PAWTUCKET – As talks on a potential unified high school at the McCoy Stadium site accelerate, City Councilor Mark Wildenhain is calling for a summit to consider whether the city can afford such a facility.

At the Nov. 10 City Council meeting, Wildenhain, head of the council’s finance subcommittee, said the first thing on a Dec. 6 finance agenda will be to have bond counsel Karen Grande talk about the city’s potential bonding capacity for a unified high school. School Committee Chairwoman Erin Dube will also be invited to that meeting, as will Mayor Donald Grebien’s administration to discuss the status of the city’s American Rescue Plan Act funds and what they might be used for.

At an Aug. 19 meeting, the School Committee approved the administration’s request for the formation of an ad hoc committee on a unified high school, which has been meeting. If the conversation about a combined high school moves forward and it’s decided to go out to bond to borrow for the project, any part of a discussion on what that bond looks like would also discuss an all-inclusive school campus to serve the special needs population at the Pawtucket Annex on Central Avenue, according to a stipulation offered by member Jay Charbonneau.

Wildenhain told The Breeze this week that Grande previous sent a letter to the administration with some thoughts on bonding capacity, including implying that the more money the city gets in aid, the less officials would have to borrow, which makes sense. But whether such a high school would cost $150 million or $300 million, Wildenhain said it’s important to determine more concretely what capacity the city has to handle those numbers, including what other borrowing might be coming off the books and how it could impact the city’s bond rating.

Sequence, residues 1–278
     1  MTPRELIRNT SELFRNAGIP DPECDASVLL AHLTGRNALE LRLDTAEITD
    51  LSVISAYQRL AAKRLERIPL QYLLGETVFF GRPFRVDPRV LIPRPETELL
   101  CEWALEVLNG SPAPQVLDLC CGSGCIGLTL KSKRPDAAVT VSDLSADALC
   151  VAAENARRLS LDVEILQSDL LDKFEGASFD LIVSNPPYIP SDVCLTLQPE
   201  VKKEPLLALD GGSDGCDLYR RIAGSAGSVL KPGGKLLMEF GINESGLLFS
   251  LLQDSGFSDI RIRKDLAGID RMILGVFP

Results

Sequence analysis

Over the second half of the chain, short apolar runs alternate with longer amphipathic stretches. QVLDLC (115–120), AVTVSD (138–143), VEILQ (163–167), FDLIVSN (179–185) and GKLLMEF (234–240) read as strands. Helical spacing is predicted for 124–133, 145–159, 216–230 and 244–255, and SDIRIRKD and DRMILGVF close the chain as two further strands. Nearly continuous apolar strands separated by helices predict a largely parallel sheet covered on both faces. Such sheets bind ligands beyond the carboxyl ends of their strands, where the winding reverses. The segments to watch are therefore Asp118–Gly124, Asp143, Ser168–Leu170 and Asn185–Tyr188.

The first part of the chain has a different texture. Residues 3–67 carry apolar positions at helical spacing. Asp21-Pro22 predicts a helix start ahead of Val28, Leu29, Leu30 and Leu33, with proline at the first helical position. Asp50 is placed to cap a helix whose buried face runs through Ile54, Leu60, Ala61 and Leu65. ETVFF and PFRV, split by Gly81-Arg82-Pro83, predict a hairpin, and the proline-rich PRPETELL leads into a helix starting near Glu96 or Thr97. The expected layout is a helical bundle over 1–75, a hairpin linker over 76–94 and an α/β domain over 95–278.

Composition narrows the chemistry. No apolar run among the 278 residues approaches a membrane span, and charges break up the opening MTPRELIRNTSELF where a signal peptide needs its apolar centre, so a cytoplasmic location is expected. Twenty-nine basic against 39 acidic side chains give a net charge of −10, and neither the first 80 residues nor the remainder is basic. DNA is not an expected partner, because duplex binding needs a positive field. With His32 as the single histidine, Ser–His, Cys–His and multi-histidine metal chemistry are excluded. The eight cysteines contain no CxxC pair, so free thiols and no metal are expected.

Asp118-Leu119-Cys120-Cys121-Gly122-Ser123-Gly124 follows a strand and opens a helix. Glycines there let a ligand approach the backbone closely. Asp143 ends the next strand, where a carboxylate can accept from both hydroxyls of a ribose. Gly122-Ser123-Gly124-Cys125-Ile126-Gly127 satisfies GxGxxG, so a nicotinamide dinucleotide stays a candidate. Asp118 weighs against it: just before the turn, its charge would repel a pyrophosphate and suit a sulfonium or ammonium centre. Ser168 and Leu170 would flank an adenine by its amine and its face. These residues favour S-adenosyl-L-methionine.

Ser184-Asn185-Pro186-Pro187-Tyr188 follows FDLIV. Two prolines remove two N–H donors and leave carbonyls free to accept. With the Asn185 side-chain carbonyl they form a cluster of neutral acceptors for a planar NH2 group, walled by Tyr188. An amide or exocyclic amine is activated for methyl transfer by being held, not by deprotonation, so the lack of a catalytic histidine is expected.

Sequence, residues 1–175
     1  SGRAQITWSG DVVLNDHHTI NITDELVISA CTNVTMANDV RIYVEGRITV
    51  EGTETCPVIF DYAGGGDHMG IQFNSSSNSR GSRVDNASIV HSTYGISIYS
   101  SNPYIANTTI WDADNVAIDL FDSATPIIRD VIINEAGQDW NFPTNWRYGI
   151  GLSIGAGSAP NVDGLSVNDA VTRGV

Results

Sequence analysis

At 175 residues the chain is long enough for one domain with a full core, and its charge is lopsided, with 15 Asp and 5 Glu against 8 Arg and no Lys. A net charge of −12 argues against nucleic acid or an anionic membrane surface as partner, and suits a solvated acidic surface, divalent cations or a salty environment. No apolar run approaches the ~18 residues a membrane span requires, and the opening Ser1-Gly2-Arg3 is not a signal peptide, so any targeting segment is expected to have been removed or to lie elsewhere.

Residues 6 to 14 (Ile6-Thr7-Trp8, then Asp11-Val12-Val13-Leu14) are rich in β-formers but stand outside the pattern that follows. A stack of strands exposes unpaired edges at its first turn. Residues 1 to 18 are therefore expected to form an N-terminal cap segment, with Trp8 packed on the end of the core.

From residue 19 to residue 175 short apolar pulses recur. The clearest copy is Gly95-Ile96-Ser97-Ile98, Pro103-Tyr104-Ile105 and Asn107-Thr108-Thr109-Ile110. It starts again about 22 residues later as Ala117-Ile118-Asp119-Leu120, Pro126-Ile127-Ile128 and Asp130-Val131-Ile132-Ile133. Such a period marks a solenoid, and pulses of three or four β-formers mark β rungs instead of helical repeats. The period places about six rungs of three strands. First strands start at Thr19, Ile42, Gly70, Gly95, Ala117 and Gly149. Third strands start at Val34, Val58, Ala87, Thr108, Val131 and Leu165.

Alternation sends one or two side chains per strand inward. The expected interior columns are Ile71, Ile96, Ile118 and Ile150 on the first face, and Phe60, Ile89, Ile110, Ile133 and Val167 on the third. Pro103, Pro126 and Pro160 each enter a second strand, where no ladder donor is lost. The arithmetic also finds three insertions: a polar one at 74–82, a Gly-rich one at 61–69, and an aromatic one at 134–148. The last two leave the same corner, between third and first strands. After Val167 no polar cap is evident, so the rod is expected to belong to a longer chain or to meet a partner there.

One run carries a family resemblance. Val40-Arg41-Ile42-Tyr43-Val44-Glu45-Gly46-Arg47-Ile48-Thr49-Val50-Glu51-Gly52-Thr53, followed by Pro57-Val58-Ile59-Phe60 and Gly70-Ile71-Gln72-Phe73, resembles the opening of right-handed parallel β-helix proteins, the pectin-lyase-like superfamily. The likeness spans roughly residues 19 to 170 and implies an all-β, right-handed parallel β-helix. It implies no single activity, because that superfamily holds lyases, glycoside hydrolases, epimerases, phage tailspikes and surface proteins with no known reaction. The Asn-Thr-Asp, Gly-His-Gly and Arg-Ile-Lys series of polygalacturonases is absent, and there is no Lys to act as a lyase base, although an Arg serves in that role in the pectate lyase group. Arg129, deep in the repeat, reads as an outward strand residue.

“What else falls off the apple cart?” he said.

Wildenhain said the city has hired someone to help determine how Pawtucket should use its ARPA funds, which has been described to him as being in the ballpark of $44 million, and he wants some answers on what’s available and how it might be used.

He said his personal preference is that the ARPA funds be used to help give residents some type of tax relief. He noted the city’s recent $3.5 million lease-purchase for new trucks, and said similar purchases might be able to be undertaken.

“I want to have discussions so we’re all on the same page,” he said, and those discussions should include suggestions from the public.

If Pawtucket eventually builds a unified high school, the city would have the opportunity to seek new redevelopment opportunities at the Shea High School and Tolman High School properties.

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